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High quality cryo-EM Data collection on Titan Krios

Once the right condition is obtained, high-quality cryoEM data will then be collected on Titan Krios microscope at Beckman Center for Cryo-EM

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Computational Resources for Cryo-EM data processing

A number of software suites are available to process cryo-EM data:
Amazon

(AWS) cloud computing services by Amazon is providing Cryo-EM in the cloud tool for analyzing as well as processing data all on the cloud. Follow the link below and learn more about it.

Electron microscopy image analysis in the cloud

Also, use the link below to subscribe for the mailing list for AWS cloud computing for Cryo-EM:

https://groups.google.com/forum/#!forum/cryo-em-in-the-cloud


CCP-EM
(Collaborative Computational Project for Electron cryo-Microscopy)
http://www.ccpem.ac.uk/index.php

Subscribe to this mailing list and learn more from the updates: https://www.jiscmail.ac.uk/cgi-bin/webadmin?SUBED1=CCPEM&A=1


EMAN 2.0      http://blake.bcm.edu/emanwiki/EMAN2

EMAN software is fairly easy to install and run on a PC or Mac. Its worth practicing the software of your interest by practicing the example data provided by the author. click on the above link and learn more about the software and the steps involved in the cryo-EM data processing.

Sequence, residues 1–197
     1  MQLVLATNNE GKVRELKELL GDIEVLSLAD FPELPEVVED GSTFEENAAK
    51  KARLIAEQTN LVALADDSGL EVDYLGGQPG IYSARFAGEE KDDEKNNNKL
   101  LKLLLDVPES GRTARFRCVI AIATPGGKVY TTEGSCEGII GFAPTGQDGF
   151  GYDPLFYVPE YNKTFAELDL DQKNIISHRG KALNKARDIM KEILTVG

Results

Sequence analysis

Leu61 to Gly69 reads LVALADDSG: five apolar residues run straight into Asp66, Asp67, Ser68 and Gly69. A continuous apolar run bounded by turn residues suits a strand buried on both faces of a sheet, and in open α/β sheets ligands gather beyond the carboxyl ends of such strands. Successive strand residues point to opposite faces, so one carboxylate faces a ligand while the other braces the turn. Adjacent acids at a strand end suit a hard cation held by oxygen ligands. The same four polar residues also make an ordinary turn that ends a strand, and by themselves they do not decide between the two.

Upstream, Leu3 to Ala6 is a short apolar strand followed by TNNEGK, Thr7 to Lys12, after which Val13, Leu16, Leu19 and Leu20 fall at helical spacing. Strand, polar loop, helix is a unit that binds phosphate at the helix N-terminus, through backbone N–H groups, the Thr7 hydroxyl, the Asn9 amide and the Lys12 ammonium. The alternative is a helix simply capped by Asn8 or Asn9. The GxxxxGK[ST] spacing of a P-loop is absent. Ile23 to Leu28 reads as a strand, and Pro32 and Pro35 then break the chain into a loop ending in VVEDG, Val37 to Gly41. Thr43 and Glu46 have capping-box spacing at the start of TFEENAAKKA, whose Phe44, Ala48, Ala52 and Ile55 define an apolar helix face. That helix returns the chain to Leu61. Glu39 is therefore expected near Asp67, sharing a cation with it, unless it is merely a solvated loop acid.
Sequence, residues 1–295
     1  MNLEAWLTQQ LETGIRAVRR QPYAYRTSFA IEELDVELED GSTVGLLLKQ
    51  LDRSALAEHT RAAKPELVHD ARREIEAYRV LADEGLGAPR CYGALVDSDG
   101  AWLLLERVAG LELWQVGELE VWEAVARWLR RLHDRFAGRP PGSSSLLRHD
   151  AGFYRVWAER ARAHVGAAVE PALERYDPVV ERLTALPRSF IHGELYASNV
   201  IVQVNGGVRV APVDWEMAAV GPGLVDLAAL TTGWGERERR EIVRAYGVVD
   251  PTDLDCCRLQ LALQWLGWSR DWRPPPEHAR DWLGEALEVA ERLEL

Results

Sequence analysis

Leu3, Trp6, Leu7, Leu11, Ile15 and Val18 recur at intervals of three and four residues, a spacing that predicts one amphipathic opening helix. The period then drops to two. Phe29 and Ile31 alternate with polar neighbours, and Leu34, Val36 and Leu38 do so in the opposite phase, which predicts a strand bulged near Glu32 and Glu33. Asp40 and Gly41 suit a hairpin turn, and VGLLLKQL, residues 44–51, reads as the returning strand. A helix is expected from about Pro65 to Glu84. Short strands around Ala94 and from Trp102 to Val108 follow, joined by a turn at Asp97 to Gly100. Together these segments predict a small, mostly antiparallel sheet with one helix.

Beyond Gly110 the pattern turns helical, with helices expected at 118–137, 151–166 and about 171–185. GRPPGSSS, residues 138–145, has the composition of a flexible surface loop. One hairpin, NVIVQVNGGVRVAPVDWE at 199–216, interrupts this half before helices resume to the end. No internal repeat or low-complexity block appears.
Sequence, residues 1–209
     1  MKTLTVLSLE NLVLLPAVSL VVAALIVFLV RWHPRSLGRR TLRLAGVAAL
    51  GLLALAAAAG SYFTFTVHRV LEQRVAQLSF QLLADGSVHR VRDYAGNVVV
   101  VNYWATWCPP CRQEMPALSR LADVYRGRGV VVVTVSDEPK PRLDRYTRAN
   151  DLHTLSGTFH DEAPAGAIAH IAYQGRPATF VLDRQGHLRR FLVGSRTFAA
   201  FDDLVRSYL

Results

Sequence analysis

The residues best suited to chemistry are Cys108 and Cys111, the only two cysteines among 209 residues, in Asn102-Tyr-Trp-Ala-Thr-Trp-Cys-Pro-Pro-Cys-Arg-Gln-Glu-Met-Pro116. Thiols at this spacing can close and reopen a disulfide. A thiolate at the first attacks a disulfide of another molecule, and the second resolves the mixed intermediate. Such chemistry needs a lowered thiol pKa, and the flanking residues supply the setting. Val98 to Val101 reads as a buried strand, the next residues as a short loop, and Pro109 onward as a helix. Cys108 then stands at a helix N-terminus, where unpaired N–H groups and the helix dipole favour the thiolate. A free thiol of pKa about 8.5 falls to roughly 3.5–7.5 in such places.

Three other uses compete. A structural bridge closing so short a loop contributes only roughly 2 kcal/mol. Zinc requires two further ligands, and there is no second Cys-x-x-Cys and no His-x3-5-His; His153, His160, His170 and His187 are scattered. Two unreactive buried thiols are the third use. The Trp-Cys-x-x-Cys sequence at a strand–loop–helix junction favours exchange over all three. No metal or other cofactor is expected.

RELION:       https://www2.mrc-lmb.cam.ac.uk/relion/index.php?title=Main_Page

SIMPLE:        http://simplecryoem.com/

SPHIRE:        http://sphire.mpg.de/

IMAGIC:       http://imagescience.de/imagic/

Xmipp:           http://xmipp.cnb.csic.es/

Appion:          http://appion.org

Scipion:          http://scipion.cnb.csic.es/

Sparx :         http://sparx-em.org/sparxwiki 

Spider:        http://www.wadsworth.org/spider_doc/

Suprim:          http://emg.nysbc.org/redmine/projects/suprim

Frealign:        http://emlab.rose2.brandeis.edu/

Jspr:            http://jiang.bio.purdue.edu/jspr

Some of the new noteworthy software suites that are highly used are as follows:
Gautomatch:          http://www.mrc-lmb.cam.ac.uk/kzhang/Gautomatch
bfactor:                   http://emlab.rose2.brandeis.edu/software
UCSF Chimera:    http://www.cgl.ucsf.edu/chimera
VMD:                     http://www.ks.uiuc.edu/Research/vmd/
em2em:                  http://www.imagescience.de/em2em.html
DireX:                    http://www.schroderlab.org/software/direx/index.html
Rosetta on Amazon Cloud computing:  http://cryoem-tools.cloud/rosetta-aws/